If you’re an average College of William and Mary student who stays here for four years, you will spend nearly $4,000 on athletics over the course of your time here. But will you get $4,000 in value?
Let me preface this with saying that athletics are valuable for enticing donors and that I’m not advocating for doing away with them altogether. Athletes are a valuable part of our community and there are clear — and massive — health benefits to living an active lifestyle that no reasonable observer would dispute. Athletics are important, but they are also rarely talked about in terms of honestly analyzing costs, benefits and value added.
Students at the College pay $3,636 over the course of four years, compared to U.Va.’s bill of $2,628.
This week, a student posted a Washington Post article on Overheard, inciting debate over the value of sports and the cost of associated fees. Students at the College pay $3,636 over the course of four years, compared to U.Va.’s bill of $2,628. Considering we are comparable in terms of academic prestige, value, and price, it’s worth looking at what our U.Va. peers pay to determine whether our costs are reasonable. Sadly, it seems like we’re being completely screwed over.
I am attempting to graduate from the College early in order to leave with minimal debt. I live off campus, do not have a meal plan, and have tried to winnow my education down to the bare essentials to ensure I’m not living outside of my means — in other words, I try to be as frugal as possible because college is outlandishly, cripplingly expensive. There are many students like me, as well as many students who can only afford college because to need-based and merit-based scholarships. I’m of the firm opinion that the majority of my money should go toward instruction, research, facility upkeep and hiring — things that more directly contribute to my education and the value of my degree. Of course, incentives are entirely skewed in higher education; a gander at state salary records shows that the best teachers are not rewarded with higher pay, but rather that the most credentialed teachers are paid the best, regardless of their teaching quality.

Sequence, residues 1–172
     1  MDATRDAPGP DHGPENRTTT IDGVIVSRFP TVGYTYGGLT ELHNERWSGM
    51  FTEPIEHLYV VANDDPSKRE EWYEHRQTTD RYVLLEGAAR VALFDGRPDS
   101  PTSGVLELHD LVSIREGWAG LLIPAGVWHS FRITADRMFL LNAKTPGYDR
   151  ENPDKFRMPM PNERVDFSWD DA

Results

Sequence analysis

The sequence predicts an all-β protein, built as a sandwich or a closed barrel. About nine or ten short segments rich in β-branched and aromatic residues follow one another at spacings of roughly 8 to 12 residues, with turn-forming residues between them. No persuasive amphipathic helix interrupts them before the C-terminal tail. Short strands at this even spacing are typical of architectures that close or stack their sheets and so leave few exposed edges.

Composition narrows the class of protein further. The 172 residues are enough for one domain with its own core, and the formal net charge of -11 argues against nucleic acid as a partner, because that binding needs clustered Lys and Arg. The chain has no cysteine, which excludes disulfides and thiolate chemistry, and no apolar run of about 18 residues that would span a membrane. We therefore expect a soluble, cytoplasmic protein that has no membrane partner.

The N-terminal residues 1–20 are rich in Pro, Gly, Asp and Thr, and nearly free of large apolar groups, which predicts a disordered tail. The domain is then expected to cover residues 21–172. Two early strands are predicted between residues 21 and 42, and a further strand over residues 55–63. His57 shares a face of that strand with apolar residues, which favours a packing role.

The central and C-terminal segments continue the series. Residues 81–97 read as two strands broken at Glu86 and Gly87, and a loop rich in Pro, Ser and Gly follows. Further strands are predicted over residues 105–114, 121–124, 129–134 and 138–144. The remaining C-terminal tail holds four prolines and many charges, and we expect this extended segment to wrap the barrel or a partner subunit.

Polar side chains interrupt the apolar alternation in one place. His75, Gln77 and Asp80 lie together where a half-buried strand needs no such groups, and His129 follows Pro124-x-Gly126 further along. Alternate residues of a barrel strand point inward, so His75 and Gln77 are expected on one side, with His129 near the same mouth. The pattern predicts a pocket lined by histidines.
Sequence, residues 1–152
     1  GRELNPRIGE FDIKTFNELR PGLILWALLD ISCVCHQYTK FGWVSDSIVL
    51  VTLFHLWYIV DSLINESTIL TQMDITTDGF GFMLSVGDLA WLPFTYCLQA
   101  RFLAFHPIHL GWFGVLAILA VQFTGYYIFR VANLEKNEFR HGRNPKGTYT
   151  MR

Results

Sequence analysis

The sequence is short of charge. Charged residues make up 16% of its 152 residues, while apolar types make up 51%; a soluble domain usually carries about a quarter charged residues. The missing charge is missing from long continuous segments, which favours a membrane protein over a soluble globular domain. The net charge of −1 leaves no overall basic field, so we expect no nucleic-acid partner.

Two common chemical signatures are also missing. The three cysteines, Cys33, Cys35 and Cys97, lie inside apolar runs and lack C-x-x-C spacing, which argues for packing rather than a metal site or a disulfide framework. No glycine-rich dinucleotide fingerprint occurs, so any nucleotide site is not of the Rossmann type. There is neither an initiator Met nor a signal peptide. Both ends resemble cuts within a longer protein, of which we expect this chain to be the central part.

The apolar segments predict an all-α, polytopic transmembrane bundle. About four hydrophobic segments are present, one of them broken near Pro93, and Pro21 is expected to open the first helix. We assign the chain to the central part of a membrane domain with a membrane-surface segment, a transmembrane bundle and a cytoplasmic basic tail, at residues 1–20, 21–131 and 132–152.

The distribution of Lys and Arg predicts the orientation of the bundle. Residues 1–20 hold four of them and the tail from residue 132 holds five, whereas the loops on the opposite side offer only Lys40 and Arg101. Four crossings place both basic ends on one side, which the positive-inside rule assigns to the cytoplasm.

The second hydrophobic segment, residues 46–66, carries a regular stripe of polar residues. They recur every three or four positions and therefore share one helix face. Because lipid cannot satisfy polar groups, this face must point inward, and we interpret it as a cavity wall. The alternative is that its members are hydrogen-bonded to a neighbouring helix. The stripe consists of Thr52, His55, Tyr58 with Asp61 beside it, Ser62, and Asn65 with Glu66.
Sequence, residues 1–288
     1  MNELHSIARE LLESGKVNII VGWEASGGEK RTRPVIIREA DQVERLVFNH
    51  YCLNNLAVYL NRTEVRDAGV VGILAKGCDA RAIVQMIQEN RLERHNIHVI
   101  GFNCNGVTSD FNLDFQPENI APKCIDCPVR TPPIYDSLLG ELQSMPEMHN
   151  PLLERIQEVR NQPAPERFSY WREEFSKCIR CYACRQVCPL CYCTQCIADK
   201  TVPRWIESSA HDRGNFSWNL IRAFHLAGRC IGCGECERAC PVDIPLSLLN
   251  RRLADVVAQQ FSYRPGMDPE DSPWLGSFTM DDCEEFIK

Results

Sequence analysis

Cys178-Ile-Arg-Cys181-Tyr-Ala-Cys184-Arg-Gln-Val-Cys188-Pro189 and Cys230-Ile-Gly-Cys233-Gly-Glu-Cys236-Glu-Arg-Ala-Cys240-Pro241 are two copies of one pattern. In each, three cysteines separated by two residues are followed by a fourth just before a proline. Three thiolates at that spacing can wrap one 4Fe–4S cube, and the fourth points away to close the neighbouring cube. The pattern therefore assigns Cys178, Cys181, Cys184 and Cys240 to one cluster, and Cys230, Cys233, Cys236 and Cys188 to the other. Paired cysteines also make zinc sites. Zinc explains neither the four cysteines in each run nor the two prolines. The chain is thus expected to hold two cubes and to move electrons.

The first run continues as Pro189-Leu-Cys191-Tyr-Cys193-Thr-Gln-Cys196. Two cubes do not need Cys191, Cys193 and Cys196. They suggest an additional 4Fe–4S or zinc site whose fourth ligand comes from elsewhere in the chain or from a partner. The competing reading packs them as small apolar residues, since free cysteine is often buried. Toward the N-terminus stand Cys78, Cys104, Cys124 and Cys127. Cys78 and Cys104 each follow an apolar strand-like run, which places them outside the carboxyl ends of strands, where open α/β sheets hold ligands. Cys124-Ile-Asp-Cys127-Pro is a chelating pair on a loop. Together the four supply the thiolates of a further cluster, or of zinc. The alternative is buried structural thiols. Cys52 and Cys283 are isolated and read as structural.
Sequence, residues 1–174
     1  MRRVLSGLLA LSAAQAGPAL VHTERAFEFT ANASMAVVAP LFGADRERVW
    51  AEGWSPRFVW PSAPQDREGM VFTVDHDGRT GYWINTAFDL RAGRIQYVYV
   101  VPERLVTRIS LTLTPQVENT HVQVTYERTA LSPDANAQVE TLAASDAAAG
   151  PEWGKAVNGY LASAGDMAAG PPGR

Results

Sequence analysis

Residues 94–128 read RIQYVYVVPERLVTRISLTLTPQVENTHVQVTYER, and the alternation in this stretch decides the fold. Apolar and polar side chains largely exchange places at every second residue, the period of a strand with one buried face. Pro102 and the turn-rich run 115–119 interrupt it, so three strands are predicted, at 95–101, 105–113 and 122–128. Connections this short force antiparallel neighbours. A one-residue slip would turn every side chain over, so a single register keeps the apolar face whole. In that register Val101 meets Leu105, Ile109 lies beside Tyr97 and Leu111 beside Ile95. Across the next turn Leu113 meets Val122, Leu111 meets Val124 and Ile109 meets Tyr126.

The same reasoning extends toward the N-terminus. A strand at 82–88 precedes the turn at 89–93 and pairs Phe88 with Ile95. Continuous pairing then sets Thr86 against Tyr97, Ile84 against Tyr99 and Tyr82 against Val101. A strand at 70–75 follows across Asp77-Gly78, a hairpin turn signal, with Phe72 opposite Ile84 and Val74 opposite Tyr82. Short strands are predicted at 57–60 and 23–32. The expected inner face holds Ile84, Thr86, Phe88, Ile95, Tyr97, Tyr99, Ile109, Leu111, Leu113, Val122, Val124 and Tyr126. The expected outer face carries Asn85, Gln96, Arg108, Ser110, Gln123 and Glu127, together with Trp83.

Our priorities are deeply and sorely misplaced. At the end of the day, student voices pale in comparison to donor priorities.
I’m not idealistic enough to think that higher education will move away from teacher credential and toward teacher quality. I don’t think incentives will suddenly be fixed, or that U.S. News & World Report rankings — which focus on things like athletics and faculty prestige — will suddenly stop mattering. I’m not foolish enough to think that we’re going to stop spending millions of dollars on Zable Stadium renovations and start prioritizing Counseling Center quality the way we should. Efforts toward the Integrative Wellness Center are certainly welcomed, but throwing money and a new facility at the issue of mental health might not solve problems with quality and capacity.
Our priorities are deeply and sorely misplaced. At the end of the day, student voices pale in comparison to donor priorities. This is clear from the Zable Stadium renovations, the amount of our student fees that goes toward athletics and the enormous tent that was constructed for alumni donors over Homecoming weekend (complete with a fancy chandelier). This article will only be a small blip on the administration’s radar screen, but we underestimate the power of collective awareness — if we grow in knowledge, we grow in power. If we vocalize frustrations with current appropriations, doubt as to their value, or interest in shaking up the status quo, we are one step closer to changing the way things are done here. Students at Texas A&M, Clemson and University of Kansas were all successful in uniting to alter their schools’ budgets. It’s a shame we’ve been too busy looking the other way.
Email Elizabeth Wolfe at email@example.com.